I caught Punk at the British Library a few days before it closed earlier this month after attending a meeting there. The display was small enough to view in half an hour. Along with listening points which allowed you to hear singles from the era, presumably from the National Sound Archive, and a few books from their collection (a volume of Patti Smith poetry, the Vermorels’ early account) there were fanzines, posters, items of clothing and screens showing looped footage of some of the bands and the infamous Bill Grundy interview. I was particularly pleased to see, right in the centre of the exhibition, a large mounted photograph of personal favourites Subway Sect; standing to the left, in a crew neck jumper and untucked white shirt with the top button done up, is Rob Symmons, their guitarist, who is now a public librarian in Hammersmith.
Although I was too young to really be aware of it at the time, punk cast a huge shadow over my formative musical years in the nineteen eighties. Reading the NME was to be constantly reminded that I had been unfortunate enough to be born too late to take part in the momentous revolution that had recently occurred; one which, moreover, my generation could never hope to repeat. Inevitably I became fascinated by the period. I would spend hours poring, rather furtively, over a book called The Sex Pistols File which was a sort of collage of photos and newspaper cuttings. The legend of the Pistols’ birth, notoriety and demise thus became ingrained in my mind, and remains for me the greatest pop music story of all.
Even then, the mythologising of punk was fully under way. But in that pre-internet age, there was also a scarcity of information about it and its history was still inchoate. It was years before I saw footage of the Grundy exchange, even though I knew by heart every word that was uttered, learned as if they were lines from a play at school.
In 2016 it is, of course, completely different. That generation of teenagers are now in positions of power, in politics, the media, the culture industry and, not least, universities. Punk was thoroughly absorbed into the mainstream years ago. And since the publication of Jon Savage’s great ‘England’s Dreaming’, its story has been told over and over again. Inevitably, each time a little more of the magic dissipates. What was once unhealthily fresh is now clean old hat, said Howard Devoto on leaving the Buzzcocks in February 1977. I wonder what Devoto (who himself became a picture librarian) makes of all this now.
I certainly felt a slight boredom as I peered at the relics tastefully arranged in glass cabinets. But there is still some residual excitement. I was pleased, for example, to learn that a new member of staff at our library, Adrian Janes, had been in a punk band. They were called The Outsiders and, although less celebrated their peers, they were there in the middle of it all, playing the Roxy and the Vortex. At the earliest opportunity I took Adrian for a coffee and bombarded him with questions. He did not disappoint me. He modestly described, for example, the time they supported Siouxsie and the Banshees and he lent them his drum kit; when it was returned, he found the snare had been rendered virtually unusable by the ferocity of Kenny Morris’ drumming. He also recalled with evident pleasure the occasion when Iggy Pop jumped up on stage to join them as they covered a Stooges song.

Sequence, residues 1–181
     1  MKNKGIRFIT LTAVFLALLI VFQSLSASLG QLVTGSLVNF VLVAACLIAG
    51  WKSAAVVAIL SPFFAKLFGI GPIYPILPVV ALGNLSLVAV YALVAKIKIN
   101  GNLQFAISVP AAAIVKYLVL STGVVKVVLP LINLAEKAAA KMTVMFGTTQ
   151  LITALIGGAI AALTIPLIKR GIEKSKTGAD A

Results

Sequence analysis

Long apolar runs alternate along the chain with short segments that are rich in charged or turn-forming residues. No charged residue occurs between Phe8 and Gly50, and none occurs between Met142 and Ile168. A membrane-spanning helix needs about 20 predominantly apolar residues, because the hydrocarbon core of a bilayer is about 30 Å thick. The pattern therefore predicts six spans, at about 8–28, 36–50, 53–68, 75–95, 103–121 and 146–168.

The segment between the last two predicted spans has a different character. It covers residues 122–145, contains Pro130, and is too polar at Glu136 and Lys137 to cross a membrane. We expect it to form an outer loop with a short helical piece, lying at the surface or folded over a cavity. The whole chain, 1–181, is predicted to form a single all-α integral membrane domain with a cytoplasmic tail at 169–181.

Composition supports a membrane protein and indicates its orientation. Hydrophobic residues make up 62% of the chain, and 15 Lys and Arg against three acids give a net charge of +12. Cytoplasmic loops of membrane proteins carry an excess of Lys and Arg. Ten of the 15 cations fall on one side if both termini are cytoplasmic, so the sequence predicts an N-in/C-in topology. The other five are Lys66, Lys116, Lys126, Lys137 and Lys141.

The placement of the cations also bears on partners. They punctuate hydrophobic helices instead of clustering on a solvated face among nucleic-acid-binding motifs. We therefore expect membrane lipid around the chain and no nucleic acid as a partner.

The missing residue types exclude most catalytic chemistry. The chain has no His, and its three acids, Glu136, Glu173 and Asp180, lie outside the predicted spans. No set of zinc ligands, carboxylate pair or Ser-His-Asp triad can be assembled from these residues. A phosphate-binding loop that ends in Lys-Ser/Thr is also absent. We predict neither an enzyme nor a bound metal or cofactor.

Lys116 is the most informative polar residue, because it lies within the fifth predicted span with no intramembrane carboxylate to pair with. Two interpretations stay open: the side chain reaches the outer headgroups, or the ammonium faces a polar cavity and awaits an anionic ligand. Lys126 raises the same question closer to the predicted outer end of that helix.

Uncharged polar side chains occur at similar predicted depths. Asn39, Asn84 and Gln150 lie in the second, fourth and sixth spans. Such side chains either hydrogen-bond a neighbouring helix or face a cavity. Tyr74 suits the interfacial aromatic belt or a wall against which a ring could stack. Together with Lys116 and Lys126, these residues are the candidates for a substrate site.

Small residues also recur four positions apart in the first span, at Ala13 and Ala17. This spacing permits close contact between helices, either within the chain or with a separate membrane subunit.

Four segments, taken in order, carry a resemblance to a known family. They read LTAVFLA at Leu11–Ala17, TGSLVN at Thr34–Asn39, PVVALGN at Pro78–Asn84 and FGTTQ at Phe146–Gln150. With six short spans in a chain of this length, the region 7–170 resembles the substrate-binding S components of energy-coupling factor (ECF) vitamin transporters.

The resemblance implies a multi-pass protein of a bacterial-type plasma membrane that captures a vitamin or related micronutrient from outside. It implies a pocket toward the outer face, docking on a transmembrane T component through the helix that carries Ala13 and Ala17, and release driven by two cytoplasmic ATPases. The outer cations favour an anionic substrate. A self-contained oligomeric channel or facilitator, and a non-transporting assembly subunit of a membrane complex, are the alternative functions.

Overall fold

Adrian (who is also a writer) is very comfortable with the idea of a punk exhibition in our national library and sees it as both a recognition of the movement that he was a part of, and a validation of his own band, who have been largely written out of the official histories. He is delighted that people are interested in the music he made when he was younger.
As for me, I’m not so sure. Just as the endless retelling of the story diminishes it, I’m also not convinced it can quite stand the weight it is now given. One of the exhibits, an early Pistols lyric sheet, features childish doodles of band names of the sort we all once inscribed on the covers of our school exercise books. It is a reminder that most of those involved were just kids. That is not to say that punk wasn’t a genuine cultural revolution; rather, it derived its very beauty and power from its youthfulness. But that is also why overly reverent analysis of it, such as that which goes on in our universities, always utterly misses the point. So, in the same way, does the British Library exhibition.
But perhaps, in saying this, it is me who is guilty of taking it all too seriously. In a current CILIP advert, Mary Beard (with whom I have disagreed with on another matter) states that “libraries are places where exciting, radical and sometimes dangerous ideas are born”. While this may be true, in that libraries are a place of discovery, it is also the case that they contain many books about events and ideas that have had their day and remain only of historical interest; or, in other words, are dead. In this sense, punk has found its natural home in the library. It will remain there for people to unearth in the future but, like rock music more generally, the moment of its cultural relevance has long since passed.
Like me, Adrian is a father. He has two teenage sons who, he admits ruefully, are more concerned with basketball and rap music than his youthful musical exploits. My own, younger son also has zero interest in the records I grew up with. I believe that is as it should be and, in fact, I would be very happy if none of them go on to listen to a single note of punk rock. Punk is in the library now. The dangerous ideas will be born somewhere else.